Canticle for Leibwictz is apparently good post-apoc though I haven't read it. Parable of the Sower by Octavia Butler is too, and subtly pro-gun too, though I didn't think the author's vision was quite right. Nature's End is another good one though a litle preachy, and you might like Hardwired by Walter Jon Williams if you're just willing to accept the political end of the world (it's about people on earth in the resistance after the orbital colonies win a war).

I thought Lucifer's Hammer was better when I was 13 than when I read it as an adult.

milkdud
01-12-2005, 10:16
There are some good adventure books dealing correctly with guns available by mail order at a discount from www.FredsM14stocks.com, such as "MOLON LABE", "Patriots, Surviving the Coming Collapse", and "Enemies Foreign and Domestic." They are all very good reads. Fred's just gives them to you at a greater discount. Enjoy.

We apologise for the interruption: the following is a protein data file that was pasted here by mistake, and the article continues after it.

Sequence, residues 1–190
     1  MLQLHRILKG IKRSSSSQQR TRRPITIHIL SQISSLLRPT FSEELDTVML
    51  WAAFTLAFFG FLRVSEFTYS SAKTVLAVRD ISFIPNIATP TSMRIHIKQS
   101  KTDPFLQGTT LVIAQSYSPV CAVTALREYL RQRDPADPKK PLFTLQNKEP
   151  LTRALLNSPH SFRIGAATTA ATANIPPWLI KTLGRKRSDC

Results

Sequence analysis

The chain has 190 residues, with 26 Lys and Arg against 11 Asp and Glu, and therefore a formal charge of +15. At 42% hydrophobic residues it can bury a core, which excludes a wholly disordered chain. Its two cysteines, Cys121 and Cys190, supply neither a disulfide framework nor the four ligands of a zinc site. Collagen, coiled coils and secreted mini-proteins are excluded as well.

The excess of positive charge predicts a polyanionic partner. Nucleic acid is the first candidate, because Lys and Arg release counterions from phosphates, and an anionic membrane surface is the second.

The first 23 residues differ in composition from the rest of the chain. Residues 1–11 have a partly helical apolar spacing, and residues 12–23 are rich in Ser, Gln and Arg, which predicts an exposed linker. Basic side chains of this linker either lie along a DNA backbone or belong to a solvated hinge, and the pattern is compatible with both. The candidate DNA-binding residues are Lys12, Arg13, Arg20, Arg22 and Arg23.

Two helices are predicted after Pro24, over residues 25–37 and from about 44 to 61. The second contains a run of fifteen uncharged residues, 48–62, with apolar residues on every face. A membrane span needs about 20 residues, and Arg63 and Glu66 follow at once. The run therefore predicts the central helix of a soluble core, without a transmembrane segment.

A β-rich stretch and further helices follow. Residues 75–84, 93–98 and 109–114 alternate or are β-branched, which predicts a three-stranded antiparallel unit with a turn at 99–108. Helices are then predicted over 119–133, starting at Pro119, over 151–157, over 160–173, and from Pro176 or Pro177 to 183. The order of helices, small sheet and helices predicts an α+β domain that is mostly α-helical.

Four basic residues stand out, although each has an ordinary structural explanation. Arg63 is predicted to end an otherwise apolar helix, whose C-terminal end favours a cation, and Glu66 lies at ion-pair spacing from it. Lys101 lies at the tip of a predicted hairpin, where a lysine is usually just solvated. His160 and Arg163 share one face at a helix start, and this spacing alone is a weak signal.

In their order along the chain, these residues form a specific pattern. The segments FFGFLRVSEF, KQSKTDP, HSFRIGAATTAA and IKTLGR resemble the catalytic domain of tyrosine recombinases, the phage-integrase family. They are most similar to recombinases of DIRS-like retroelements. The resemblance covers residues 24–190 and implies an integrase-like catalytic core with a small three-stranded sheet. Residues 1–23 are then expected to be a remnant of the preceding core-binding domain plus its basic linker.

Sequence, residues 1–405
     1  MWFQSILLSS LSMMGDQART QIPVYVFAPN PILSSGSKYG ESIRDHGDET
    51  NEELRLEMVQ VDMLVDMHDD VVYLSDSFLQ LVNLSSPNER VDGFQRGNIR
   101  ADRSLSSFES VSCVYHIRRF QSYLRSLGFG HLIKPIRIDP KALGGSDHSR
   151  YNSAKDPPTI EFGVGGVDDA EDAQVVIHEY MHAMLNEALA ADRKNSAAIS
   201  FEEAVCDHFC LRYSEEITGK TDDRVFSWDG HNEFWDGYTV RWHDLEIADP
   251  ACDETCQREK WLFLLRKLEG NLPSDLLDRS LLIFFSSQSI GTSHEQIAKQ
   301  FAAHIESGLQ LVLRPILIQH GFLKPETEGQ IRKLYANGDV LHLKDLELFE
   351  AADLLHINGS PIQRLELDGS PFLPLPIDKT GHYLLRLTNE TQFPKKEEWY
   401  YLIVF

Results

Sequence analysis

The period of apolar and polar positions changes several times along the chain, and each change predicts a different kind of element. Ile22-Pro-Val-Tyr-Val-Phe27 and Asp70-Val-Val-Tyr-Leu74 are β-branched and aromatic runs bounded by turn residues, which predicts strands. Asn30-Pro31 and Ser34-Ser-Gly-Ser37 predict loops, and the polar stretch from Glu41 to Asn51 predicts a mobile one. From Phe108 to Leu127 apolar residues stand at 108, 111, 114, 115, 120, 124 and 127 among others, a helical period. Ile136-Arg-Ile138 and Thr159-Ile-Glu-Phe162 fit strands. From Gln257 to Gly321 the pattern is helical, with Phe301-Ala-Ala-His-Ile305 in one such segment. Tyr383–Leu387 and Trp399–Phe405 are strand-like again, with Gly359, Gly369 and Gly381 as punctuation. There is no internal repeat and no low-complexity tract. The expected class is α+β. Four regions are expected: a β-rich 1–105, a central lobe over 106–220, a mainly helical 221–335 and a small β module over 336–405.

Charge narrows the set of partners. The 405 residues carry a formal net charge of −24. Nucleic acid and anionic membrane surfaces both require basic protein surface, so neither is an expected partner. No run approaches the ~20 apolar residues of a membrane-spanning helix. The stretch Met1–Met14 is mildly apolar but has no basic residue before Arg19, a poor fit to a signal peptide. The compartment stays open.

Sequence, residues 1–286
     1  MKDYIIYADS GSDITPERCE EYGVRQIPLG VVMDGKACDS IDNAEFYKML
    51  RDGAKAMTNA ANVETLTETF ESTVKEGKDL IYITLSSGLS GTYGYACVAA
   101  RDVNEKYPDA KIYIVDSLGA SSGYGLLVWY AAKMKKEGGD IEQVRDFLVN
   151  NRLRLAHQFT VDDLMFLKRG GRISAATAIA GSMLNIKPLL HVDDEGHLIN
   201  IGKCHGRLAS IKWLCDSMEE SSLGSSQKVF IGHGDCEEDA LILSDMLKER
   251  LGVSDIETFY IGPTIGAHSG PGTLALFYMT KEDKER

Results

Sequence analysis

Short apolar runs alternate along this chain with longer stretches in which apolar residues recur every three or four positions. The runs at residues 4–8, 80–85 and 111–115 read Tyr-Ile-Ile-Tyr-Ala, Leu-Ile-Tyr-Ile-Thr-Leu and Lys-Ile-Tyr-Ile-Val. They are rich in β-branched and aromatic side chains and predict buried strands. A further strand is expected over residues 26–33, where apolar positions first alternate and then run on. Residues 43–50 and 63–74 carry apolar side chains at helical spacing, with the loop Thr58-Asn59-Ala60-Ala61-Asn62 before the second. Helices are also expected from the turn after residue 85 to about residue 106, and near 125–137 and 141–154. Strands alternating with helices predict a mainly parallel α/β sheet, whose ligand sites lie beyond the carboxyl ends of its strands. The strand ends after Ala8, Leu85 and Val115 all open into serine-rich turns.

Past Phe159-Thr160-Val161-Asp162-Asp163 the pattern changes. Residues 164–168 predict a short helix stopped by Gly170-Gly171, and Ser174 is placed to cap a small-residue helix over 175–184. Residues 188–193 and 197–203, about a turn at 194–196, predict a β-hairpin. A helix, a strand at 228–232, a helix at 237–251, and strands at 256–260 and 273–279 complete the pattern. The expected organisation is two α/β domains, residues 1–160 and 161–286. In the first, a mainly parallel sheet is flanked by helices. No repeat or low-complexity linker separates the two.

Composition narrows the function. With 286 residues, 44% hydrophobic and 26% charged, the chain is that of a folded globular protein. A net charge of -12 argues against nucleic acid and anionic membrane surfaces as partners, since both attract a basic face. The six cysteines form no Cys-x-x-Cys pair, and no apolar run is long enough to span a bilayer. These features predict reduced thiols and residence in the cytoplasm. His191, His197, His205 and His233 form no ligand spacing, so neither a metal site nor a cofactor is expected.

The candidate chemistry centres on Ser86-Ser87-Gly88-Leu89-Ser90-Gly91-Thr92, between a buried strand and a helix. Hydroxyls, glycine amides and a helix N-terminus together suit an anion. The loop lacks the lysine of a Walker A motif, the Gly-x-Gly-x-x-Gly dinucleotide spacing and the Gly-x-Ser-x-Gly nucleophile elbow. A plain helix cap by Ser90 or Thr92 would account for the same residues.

eisman
01-14-2005, 22:15
A couple of older books, with value, are Failsafe & The First Team. For something really spooky, read Steven Vincent Benet. He wrote most of his stuff over 100 years ago, and has the post apocolyptic stuff down better than most "modern" writers.

You might also want to roam over into the SF section and pick up Modesett's Ecolitian set. His ideas on nanotech and ecoterrorism/politics are gaining huge relevance in todays arena.

Jack23
02-13-2005, 12:15
Stinger and Swansong, both by Robert R. McCammon

Thor's Hammer. Sorry, can't remember the author's name but it is an awesome story with a very clever opening and ending.

Tvov
02-22-2005, 10:04
"The Sleeper" by H.G. Wells.